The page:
A small island development state (SIDS), Vanuatu is also classified as a Low Income Country according to the World Bank. Youth unemployment is high and reliance on imports has increased due to declining local food production. Tourism contributes an estimated 65% of the economy of the Pacific Island country which was devastated by Cyclone Pam in March 2015.
This SDG Fund programme is led by UNDP, in partnership with IFAD. The goal is to assist young people, including vulnerable youth who have not completed their formal education and are more likely to be limited in terms of employment to casual and low-pay work.
The Joint Programme assists the Government of Vanuatu in its priority to tackle youth unemployment, and the negative impact of this on the social and economic development. The programme:
- Creates employment opportunities for youth in organic agriculture through a value chain approach utilizing public private partnerships within the key economic sectors of agriculture and tourism.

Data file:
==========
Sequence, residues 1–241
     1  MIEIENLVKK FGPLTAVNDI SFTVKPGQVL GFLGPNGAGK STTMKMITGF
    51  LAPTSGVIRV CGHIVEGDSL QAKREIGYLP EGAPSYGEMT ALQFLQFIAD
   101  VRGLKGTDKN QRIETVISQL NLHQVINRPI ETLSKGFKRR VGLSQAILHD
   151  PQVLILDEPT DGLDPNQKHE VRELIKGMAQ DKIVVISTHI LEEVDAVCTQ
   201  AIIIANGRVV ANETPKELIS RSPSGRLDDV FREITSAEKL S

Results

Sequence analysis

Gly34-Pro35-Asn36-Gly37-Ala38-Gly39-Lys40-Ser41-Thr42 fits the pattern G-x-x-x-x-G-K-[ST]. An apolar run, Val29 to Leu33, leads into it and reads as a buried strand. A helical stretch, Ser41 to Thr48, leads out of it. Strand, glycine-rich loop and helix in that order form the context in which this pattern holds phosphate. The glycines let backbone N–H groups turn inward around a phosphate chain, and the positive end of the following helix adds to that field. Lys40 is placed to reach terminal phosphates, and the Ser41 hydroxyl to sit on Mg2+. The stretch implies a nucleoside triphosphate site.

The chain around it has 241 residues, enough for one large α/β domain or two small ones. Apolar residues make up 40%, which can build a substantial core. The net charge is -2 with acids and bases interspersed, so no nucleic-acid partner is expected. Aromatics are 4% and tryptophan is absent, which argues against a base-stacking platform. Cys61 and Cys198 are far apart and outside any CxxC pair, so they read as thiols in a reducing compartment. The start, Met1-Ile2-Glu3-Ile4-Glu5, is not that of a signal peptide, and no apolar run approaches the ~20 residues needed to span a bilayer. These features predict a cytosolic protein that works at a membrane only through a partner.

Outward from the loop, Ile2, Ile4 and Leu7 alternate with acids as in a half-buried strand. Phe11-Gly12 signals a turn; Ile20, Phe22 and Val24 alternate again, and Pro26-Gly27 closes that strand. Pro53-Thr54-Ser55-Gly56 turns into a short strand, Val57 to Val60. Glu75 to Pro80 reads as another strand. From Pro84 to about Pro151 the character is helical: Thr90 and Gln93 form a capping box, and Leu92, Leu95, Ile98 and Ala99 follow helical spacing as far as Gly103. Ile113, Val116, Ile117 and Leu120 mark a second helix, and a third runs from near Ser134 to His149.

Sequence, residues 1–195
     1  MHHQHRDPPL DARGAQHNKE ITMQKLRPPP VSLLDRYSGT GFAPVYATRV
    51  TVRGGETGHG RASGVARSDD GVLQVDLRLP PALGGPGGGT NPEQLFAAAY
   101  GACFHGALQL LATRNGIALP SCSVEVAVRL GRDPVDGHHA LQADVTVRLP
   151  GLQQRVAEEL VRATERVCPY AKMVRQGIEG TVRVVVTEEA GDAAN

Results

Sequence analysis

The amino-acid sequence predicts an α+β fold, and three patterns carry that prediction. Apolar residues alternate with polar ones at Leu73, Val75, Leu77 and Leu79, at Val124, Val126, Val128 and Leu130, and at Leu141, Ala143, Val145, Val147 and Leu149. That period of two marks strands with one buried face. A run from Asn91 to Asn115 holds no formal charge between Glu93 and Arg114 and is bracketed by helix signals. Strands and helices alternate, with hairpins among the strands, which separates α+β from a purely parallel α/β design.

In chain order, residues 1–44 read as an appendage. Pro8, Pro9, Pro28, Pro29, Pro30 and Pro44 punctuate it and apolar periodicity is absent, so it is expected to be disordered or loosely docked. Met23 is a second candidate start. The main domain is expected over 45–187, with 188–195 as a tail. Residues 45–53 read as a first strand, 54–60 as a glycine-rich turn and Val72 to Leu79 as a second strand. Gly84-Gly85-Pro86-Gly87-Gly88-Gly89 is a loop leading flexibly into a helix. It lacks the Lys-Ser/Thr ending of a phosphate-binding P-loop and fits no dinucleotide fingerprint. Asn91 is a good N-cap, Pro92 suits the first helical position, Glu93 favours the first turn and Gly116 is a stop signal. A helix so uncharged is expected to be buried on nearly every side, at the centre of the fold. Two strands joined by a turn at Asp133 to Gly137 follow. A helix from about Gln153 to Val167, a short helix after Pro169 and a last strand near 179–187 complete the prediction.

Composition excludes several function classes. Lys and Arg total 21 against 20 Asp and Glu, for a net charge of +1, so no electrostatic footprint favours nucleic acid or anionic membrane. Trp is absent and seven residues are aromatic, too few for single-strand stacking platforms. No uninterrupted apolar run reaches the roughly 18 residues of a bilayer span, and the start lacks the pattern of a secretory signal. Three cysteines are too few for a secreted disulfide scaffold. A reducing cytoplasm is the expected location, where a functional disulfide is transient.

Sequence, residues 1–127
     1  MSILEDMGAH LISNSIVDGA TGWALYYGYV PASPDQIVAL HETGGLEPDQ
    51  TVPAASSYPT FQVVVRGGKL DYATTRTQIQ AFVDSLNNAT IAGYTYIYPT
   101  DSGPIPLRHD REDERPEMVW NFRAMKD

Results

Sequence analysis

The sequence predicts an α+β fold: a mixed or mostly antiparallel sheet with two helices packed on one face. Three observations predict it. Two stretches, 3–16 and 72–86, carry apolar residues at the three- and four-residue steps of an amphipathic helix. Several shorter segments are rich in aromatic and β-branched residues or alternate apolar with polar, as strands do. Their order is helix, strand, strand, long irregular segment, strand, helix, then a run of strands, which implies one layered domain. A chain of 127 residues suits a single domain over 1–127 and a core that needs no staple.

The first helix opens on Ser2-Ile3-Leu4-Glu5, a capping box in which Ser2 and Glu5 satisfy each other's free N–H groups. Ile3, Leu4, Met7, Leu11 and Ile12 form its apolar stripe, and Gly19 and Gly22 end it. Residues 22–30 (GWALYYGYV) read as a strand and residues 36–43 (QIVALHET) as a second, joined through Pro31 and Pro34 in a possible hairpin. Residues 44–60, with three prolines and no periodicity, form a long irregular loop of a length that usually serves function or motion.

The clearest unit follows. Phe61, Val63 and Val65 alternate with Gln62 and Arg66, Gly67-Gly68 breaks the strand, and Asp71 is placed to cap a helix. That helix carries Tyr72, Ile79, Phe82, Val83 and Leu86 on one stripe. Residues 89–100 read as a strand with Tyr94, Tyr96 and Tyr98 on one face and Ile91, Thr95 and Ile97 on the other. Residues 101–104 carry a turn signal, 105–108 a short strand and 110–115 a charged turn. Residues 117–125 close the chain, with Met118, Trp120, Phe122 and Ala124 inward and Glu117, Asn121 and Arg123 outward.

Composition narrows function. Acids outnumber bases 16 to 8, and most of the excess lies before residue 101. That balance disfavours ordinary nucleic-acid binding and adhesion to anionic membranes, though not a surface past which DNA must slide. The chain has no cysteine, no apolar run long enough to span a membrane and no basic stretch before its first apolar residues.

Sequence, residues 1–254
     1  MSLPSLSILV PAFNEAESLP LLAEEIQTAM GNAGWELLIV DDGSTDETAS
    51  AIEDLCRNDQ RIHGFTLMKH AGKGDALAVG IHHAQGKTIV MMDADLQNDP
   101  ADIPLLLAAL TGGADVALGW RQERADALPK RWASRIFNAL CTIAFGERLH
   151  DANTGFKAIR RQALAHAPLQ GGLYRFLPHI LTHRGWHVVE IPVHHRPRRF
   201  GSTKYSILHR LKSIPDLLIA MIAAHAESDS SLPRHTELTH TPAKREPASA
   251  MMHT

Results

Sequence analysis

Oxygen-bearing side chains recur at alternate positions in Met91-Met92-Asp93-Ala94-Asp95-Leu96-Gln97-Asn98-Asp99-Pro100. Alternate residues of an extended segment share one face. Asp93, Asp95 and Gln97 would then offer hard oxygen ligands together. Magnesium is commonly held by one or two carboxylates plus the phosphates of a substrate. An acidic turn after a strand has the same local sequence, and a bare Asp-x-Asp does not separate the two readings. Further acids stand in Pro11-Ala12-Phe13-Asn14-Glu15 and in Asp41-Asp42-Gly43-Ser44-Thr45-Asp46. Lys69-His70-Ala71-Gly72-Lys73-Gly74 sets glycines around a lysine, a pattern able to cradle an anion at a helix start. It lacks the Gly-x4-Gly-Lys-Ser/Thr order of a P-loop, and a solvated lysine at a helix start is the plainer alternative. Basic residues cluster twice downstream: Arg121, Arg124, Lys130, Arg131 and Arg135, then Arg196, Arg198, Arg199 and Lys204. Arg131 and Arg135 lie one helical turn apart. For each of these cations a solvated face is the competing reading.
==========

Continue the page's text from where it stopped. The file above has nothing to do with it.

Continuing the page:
- Enables scaled-up engagement by youth in organic farming to be sustained on commercial viable basis through the development of a value-added processing facility that provides skills training, knowledge transfer and employment for youth.
- Strengthens the institutional capacity of the local organisations, including the Vanuatu National Youth Council to effectively meet the needs of youth seeking information and employment within the organic agricultural sector.
- Shares information and knowledge from across the Pacific region to facilitate synergies that will result in increased employment opportunities for youth within organic agriculture value chains.
Total programme budget: $2.54 million
% funded by SDG-F: 39%
UN agencies: UNDP and IFAD
National partners: Government ministries, POETCom, Vanuatu National Youth Council
Duration: 1 November 2015 to 28 February 2018
43% of Vanuatu population is under 15 years of age
The education system is producing around five times more school leavers than the number of jobs available annually
Less than 700 new jobs are created while close to 3,500 students leave school each year, thus leaving 2,800 without jobs